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Demolition set to begin on Bartlett Yard

Martin Desmarais | 8/14/2013, 10:55 a.m.
Plans for Bartlett Place, which will be developed on the former MBTA Bartlett bus yard in Roxbury, include 323 units of housing and 54,000 square feet of commercial property. Nuestra Comunidad Development Corp. will lead the project, which has an estimated total cost of about $140 million. Nuestra Comunidad Development Corp.

One proposal that drew a large outcry would have brought a Walmart store to the site. This plan was eventually shot down when Mayor Thomas M. Menino stepped in and spoke against the project due to worries about the impact on local retailers. Matel said that Nuestra Comunidad Development now is in discussion with a local grocery store to come into the development.

In the past, many of the development plans have had a tough road because the site was owned by the MBTA. City involvement delayed approvals and the process in general, Matel said. But in 2010, Nuestra Comunidad Development bought the Bartlett Yard property and the company is committed to making development happen.

No matter how things turn out on the final development plans, the company will put up $9 million, the estimated cost for acquisition of the land, design work and cleaning up the site.

At least one government organization is fully behind Nuestra Comunidad Development’s efforts to clean up the Bartlett Yard site. The Environmental Protection Agency has already given the company $1 million in grants to demolish the old buildings and clean up the old site. In 2011, Nuestra Comunidad Development got a $600,000 EPA remediation grant and they got another $400,000 grant this year.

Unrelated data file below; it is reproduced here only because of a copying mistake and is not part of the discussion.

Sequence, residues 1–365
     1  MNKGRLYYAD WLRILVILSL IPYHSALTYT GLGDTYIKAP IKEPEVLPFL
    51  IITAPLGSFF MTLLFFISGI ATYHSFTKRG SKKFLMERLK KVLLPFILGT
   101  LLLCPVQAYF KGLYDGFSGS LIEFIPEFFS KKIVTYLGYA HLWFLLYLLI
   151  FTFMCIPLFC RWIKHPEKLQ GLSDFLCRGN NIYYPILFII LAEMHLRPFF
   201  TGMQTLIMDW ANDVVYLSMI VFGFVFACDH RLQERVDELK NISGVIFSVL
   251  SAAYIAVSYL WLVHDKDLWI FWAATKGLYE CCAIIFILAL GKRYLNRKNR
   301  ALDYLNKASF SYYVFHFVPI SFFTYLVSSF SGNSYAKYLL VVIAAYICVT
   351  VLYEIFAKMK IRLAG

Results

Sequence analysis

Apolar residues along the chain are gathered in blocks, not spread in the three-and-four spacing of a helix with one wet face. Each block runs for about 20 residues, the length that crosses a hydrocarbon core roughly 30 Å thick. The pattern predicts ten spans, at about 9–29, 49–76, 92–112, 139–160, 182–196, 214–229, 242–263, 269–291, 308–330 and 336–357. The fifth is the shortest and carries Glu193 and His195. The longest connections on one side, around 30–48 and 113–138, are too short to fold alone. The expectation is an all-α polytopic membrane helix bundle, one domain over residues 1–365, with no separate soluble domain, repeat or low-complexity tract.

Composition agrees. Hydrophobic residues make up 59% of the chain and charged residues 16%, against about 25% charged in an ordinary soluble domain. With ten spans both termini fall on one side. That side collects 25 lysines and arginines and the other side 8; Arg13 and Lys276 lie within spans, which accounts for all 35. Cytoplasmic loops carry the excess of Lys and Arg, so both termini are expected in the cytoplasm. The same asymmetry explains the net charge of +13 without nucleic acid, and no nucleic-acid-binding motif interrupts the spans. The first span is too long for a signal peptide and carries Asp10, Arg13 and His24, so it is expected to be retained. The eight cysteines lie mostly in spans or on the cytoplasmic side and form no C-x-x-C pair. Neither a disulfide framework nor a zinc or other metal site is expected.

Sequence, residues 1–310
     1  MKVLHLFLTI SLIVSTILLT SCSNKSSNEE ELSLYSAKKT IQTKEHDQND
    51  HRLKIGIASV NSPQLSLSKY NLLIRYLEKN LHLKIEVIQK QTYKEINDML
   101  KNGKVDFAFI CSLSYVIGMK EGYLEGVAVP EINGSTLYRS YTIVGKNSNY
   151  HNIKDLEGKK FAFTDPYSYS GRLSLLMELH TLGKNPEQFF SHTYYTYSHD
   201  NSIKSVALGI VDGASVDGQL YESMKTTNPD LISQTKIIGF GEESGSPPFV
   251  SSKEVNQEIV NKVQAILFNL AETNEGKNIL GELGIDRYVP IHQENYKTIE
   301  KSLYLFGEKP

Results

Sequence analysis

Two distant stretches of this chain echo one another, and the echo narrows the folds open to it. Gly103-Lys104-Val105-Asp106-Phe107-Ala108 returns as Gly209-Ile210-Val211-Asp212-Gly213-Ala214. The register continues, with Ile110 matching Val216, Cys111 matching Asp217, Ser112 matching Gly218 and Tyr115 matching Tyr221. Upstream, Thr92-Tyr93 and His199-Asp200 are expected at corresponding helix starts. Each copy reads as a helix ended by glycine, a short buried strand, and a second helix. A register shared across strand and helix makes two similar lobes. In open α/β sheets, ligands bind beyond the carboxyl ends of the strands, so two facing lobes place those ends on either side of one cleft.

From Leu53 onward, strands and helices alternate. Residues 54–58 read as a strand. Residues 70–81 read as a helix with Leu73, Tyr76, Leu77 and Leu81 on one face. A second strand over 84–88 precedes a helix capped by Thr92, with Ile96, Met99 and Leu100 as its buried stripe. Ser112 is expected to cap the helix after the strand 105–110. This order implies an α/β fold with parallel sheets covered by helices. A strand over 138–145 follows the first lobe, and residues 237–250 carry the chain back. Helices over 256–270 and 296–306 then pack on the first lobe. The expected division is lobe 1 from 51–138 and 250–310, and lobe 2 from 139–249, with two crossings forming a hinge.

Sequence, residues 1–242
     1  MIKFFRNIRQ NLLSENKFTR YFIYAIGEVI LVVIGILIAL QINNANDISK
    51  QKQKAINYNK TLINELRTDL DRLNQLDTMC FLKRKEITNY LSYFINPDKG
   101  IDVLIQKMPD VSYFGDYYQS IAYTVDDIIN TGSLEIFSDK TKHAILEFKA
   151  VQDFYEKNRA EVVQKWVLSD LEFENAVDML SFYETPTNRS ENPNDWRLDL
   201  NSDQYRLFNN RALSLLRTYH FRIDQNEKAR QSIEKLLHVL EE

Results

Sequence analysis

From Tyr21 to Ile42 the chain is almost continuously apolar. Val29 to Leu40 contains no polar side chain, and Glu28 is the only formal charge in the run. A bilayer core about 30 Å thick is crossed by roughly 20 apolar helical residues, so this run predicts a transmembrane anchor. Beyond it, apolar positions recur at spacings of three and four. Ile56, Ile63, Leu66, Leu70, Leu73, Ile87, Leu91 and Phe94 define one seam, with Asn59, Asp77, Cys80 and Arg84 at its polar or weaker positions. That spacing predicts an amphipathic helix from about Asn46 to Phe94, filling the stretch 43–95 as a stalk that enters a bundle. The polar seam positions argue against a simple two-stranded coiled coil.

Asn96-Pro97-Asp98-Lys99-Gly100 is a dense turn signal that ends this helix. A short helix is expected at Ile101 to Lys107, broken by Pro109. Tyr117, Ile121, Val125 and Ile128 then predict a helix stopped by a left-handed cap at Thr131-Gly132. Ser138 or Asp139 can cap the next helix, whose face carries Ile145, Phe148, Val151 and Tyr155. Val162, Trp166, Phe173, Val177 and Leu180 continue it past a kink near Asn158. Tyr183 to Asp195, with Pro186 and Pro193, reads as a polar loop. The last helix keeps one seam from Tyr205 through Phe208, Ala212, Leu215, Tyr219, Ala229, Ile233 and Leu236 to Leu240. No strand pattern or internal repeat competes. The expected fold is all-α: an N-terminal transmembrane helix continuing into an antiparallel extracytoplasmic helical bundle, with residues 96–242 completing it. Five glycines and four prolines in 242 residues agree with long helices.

Demolition work on Bartlett Yard could begin as early as November. “The site will be potentially cleaned up by spring of next year, so we will have 8.5 acres of cleaned up land — no buildings,” Matel said.

From the start, Nuestra Comunidad Development has dubbed the Bartlett Place project a “creative village.”

“The housing and the commercial property is wrapped around a public plaza — an open market that will have arts and events venues and walkability,” Matel said. “We look at parts of the programing as a public plaza and making sure the artists are actually here so they can activate the place.”

However, until this spring when Bartlett Events started to hold events on the property and created a large mural of painting and graffiti art, locals didn’t have much sense of what a “creative village” might actually mean to the area.

But many of the weekends have now seen well-attended events showcasing art and culture and community gatherings from different organizations.

Matel said Nuestra Comunidad Development is thrilled with the success of Bartlett Events so far and hopes that it shows the company wants to partner with community events. Bartlett Events will continue to host events on the property into the fall.

“We didn’t think it would reach this kind of success.” Matel said. “For us it is serving as a community development tool.

“In this scenario we are testing things and we are actually seeing it is working,” he added. “It has panned out to work very well.”

In fact, the community reaction to Bartlett Events and the art and murals in particular has led to Nuestra Comunidad Development including plans to keep a 20-foot L-shaped wall, which is covered with a mural, in the final development of Bartlett Place. The wall will be used as a backdrop for public events. “That is the only part of the development that is staying,” Matel said.

The Bartlett Place project is now going through the zoning process and will go before the zoning board in September. “The development isn’t going to start until next year potentially, but we are demo-ing the buildings this fall,” said Matel.

Bartlett Place is taking a cue from other recent development in the region, such as the revitalization of Dudley Square. “We are trying to bring the same kind of positive energy that the city is bringing to that development,” Matel said. “We are making sure the buildings are sustainable and making sure we give cultural community benefits back to the community. … We are putting culture up front at the forefront of our development so that the community can enjoy it.”